Thursday, October 9, 2008

Islam in Australia

I decided my research topic of the day will be Muslims in Australia.


I'm reading a lovely young adult book written by a Palestinian-Australian. It's called Does My Head Look Big in This. It's a great book so far--one of those which mixes humor with serious/meaningful stuff.

I don't think you have to be Muslim to be able to relate to the book. I think anyone who doesn't fit into mainstream society will relate to Amal's struggle to decide whether or not to wear the Hijab.

Anyway, I am now going to consult Lord Wiki about Islam in Australia.

He says Islam is the fourth largest religious group. What surprised me is it's behind Buddhism.  I guess it makes sense that Australia has a lot of Buddhists--well, the high Asian population and all.

Now I gotta compare it to America. I'm curious. Okay, this website says that in America there are more Muslims than Buddhists. And there are more Jews than Muslims. I didn't know that. There are 36,694 people who practice the religion of Eckankar. I don't know if I've ever heard of that. I'll have to google it. Who knows....maybe I'll like it and end up being # 36,695.

Back to Islam in Australia.

History Time!

The first Islamic influence on Australia probably came even before the Captain Cook days. Indonesians visited Northern Australia and mingled with the Indigenous Australians. It's likely that these Indonesians were Muslim. So, there you go. The mingling might have involved sex, so some Indigenous Australians might have Indonesian blood flowing through them and vice-versa.

When the white folks sailed their ships to Australia, they often hired Muslims from Africa and various other places. And some of the convicts were Muslim.

In the 1860's, Afghan camel workers came over to do camel type stuff. And as the story goes, Australia is the one place where you can find WILD camels. I guess because some of the camels escaped. They didn't want to work. They wanted to be free.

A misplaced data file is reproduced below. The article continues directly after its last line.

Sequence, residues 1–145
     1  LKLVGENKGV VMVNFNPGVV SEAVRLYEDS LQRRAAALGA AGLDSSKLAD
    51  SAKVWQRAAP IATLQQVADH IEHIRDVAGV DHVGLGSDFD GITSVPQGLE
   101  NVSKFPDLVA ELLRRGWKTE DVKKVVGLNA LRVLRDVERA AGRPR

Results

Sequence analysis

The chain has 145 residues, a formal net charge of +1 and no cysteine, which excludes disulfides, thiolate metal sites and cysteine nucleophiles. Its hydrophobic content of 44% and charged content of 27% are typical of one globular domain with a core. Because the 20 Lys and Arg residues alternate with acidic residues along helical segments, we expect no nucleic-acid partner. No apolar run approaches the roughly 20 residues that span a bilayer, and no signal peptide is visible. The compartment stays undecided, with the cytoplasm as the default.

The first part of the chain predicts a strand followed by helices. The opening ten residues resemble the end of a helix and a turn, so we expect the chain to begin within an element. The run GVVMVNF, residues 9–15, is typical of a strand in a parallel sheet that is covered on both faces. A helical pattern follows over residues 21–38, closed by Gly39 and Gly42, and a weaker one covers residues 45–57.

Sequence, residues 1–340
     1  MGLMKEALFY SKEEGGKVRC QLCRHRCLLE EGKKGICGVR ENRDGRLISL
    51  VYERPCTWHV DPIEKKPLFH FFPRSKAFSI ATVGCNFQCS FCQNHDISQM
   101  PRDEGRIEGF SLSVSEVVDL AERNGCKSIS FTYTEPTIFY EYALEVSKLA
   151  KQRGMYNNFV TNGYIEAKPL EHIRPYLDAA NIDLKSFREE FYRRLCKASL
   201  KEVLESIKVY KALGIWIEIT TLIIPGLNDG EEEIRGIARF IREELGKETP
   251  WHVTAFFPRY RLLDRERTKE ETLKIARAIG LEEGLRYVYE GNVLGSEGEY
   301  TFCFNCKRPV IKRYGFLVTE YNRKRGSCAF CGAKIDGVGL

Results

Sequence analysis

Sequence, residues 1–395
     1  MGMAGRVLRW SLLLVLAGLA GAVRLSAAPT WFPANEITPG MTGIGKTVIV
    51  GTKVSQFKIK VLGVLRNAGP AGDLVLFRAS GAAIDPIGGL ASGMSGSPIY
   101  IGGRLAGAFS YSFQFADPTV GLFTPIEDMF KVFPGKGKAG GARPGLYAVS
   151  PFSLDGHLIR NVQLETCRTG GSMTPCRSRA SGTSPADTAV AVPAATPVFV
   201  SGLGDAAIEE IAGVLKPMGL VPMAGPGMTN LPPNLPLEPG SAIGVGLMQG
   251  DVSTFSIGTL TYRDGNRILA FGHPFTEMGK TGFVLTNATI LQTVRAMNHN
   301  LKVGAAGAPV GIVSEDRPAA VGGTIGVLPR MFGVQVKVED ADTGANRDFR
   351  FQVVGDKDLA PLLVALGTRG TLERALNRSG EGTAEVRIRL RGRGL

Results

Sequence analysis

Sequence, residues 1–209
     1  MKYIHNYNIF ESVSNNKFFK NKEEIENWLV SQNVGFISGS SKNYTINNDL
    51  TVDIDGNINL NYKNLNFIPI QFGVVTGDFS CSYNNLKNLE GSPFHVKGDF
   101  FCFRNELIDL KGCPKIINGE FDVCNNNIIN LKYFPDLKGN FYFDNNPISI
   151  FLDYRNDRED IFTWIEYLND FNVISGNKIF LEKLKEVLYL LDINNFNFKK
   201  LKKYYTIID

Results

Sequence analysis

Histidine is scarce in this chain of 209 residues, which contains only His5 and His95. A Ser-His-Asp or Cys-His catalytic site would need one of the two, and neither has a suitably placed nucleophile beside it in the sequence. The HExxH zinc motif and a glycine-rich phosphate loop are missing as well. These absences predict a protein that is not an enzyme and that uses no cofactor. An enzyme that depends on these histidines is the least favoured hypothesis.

The oldest Mosque in Australia was built in 1861 and is located in Marree South Australia.

From 1901 to 1973, it was hard for Muslims to come to Australia because Australia had the whole White Australia Policy going on. In the 1920's and 1930's, some Albanian Muslims were allowed to come over--probably because they had the right skin color. The rules were also relaxed after World War II when Australia realized their land was a bit empty and they needed more people. Then between 1967-1971, a bunch of people from Turkey were welcomed to Australia.

Eventually, the White Australia Policy was replaced by multicultural attitudes and policies.

Lebanese makes up the largest group of Muslims in Australia. They ran over during/after the Lebanese civil war. What were they fighting about? I'm so lost when it comes to war. Well, I googled it and it looks extremely complicated. Yikes. War is bad enough that it kills people and makes buildings fall down, but does it have to also be so complicating and confusing?

You know who is Lebanese? William Peter Blatty. The guy who wrote The Exorcist. I think he's Christian though.  Ralph Nader is also Lebanese.

Sydney has the largest Muslim population in Australia.   But there are Muslims in other places as well.  
Melbourne has a bunch--they're more likely to be Turkish than Lebanese.    Perth has a nice group as well.   And there are others scattered in other places.  

There's a growing number of Indigenous Australians becoming Muslim--about a thousand so far.

Thirty-six percent of Muslims in Australia were born in Australia.    Will they or their descendants ever be considered Australian?  Or will they always be hyphenated?  

What am I saying?  These days we hyphenate everyone.  Well, at least in America we do.   And this Australian author of the book I'm reading calls herself an Australian-born-Muslim-Palestinian-Egyptian-Chocoholic.     

I'm sure we know that after 9/11 and the Bali bombings, the popularity of Muslims decreased quite a bit.   And I'm sure they weren't that popular in the first place--in either Australia or the United States.  You know, the whole Xenophobia thing.  

In 2006, their reputation was tarnished a bit more when a Muslim guy named Taj El-Din Hilaly
inferred that Muslim women who do not wear the Hijab are to blame for being raped.   

He said:

If you take out uncovered meat and place it outside on the street, or in the garden or in the park, or in the backyard without a cover, and the cats come and eat it ... whose fault is it, the cats' or the uncovered meat? The uncovered meat is the problem. If she was in her room, in her home, in her hijab, no problem would have occurred.

I don't think I like this guy.    He also doesn't like Jews and denies the Holocaust happened.  

He's about as lovable as Ann Coulter.